CCD detector array with TDI (Time Delay Integration) mode of operation and anti-blooming structure

High resolution imaging without satellite slowing. No light spreading due to blooming.

Very long multispectral stripe filters

Assembly of a single substrate with 4 stripe filters over the detector window

Separate the different spectral bands in the FOV. Minimize chromatic aberrations

Highly integrated detection unit

Integrated focal plane and video electronics. Highly integrated ASIC technology

Compact detection function integrated in the camera


Carbon / carbon structure and light-weighted Zerodur optics

Low mass/high thermal stability, highly polished mirror surfaces

Table 2: Introduction of technologies into camera design
Figure 39: Optical configuration of HiRI (image credit: TAS)
Figure 26: Optical configuration of HiRI (image credit: TAS)

Optical assembly:

The instrument employs a Korsch all-reflective 4 mirrors telescope design with TMA (Three Mirror Anastigmatic) optics. An additional plane mirror (MR) is used to enhance the instrument compactness. The imaging geometry optimization features a primary mirror size of 650 mm diameter, which suits well to the detectors performance and the orbit characteristics.

The instrument architecture chosen is organized around a central plane structure supporting the primary mirror, the tertiary mirror, the plane mirror (MR), and a central cylinder that supports the secondary mirror. The optical assembly consists of an on-axis part (M1 + M2 collector mirrors) and an off-axis part (M3 + MR mirrors) feeding the different focal planes. 80) 81) 82)

The Korsch TMA telescope has a focal length of 13 m and an aperture diameter of 65 cm.

Figure 40: Schematic view of the HiRI instrument elements (image credit: CNES)
Figure 27: Schematic view of the HiRI instrument elements (image credit: CNES)

The optics system of the instrument uses state-of-the-art techniques such as SiC-100 (silicon carbide) material for the mirrors and the telescope structure, specific detectors, and a modular video chain design. EADS Sodern is responsible for the development of the FPA. The FPA is offering a wide variety of new technologies for the imaging function.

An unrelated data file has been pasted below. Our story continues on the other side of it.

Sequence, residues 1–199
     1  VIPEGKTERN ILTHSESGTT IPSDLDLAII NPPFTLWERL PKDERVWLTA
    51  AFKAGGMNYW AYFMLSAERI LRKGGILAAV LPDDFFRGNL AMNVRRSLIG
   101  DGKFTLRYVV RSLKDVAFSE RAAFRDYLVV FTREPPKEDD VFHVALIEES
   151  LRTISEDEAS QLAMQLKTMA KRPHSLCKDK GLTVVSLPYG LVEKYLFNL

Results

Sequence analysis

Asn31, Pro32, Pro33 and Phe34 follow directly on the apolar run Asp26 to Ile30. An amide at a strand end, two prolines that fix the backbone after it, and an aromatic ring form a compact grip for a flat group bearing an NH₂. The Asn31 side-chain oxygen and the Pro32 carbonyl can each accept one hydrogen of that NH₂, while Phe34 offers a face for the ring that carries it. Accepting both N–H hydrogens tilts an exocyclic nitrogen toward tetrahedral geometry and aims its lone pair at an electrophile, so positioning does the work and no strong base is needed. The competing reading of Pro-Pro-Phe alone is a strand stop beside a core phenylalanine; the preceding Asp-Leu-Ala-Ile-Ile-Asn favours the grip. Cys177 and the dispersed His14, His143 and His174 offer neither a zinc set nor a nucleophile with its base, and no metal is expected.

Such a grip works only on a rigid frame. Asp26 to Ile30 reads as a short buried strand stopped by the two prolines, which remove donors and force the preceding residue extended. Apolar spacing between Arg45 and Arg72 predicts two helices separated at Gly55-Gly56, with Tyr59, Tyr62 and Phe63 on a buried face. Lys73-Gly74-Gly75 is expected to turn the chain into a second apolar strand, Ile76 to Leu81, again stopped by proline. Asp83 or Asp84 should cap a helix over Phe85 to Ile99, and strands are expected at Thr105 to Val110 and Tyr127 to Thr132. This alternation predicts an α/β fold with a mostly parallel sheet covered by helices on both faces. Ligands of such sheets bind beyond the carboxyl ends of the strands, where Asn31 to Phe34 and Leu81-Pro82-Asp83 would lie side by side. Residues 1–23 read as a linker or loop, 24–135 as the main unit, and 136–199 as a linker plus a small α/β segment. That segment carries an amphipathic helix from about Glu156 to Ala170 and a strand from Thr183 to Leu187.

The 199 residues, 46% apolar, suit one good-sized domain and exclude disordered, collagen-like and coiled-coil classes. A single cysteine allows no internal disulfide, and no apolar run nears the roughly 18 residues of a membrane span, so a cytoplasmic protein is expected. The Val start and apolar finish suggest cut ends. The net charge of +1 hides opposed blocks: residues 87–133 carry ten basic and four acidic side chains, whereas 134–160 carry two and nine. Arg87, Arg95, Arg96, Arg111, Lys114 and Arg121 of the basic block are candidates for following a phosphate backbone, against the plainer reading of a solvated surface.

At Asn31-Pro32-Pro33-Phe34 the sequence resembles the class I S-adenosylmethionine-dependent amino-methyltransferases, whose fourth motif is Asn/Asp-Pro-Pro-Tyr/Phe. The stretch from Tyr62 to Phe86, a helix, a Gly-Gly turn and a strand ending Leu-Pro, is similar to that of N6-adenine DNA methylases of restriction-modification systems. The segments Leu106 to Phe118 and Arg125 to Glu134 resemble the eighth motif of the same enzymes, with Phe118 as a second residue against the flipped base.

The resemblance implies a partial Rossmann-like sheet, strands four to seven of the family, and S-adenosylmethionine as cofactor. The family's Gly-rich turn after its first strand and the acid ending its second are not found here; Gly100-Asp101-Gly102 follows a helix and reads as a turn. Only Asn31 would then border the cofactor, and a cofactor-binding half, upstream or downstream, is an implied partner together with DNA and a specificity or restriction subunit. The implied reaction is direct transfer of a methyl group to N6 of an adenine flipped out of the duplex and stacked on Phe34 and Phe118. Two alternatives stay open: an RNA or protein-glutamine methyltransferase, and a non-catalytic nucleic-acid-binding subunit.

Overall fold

The size of the observed image is close to 400 mm and is analyzed in 30,000 samples in Pan and 7,500 in MS. The focal plane assembly consists of two symmetrical arrangements of Pan and MS detectors. The beam splitter is made of a set of mirrors.

The spectral selection is made by optical filters placed very close in front of the detectors. Pan filters and MS stripe line filters are space-qualified multi-layer coatings deposited on glass substrates. Each filter is composed of a high-pass filter and a low-pass filter. An absorbing material deposited between the MS filters isolates each band from the others to avoid interband straylight.

Figure 42: Exploded view of the HiRI camera (image credit: TAS, CNES)
Figure 28: Exploded view of the HiRI camera (image credit: TAS, CNES)

Attitude sensors (star tracker heads and gyroscope heads) are placed on this central instrument structure to improve the performance. A dedicated supporting truss structure ensures the instrument interface with respect to the bus. The detector thermal radiator has its own supporting structure.

The instrument design employs carbon material for the structure (the carbide characteristics are: very low coefficient of thermal expansion, very low density, resulting in a light telescope, and a simple thermal control) and Zerodur material for the mirrors.

The instrument focus mechanism is placed onto the tertiary mirror. This position offers an optimum between mechanism and accuracy. The instrument also includes an internal shutter to protect it from sun radiation in non-operational phases such as launch, attitude acquisition, or safe modes. The shutter is placed behind the primary mirror to protect only the tertiary mirror and the detection cavity.

Spectral bands

Pan: 480-820 nm; TDI is only used for Pan data
MS bands in nm
B0= 450-530 (blue),
B1= 510-590 (green),
B2= 620-700 (red),
B3= 775-915 (NIR)

Optical system

65 cm aperture diameter, focal length of 12.905 m, f/20, TMA optics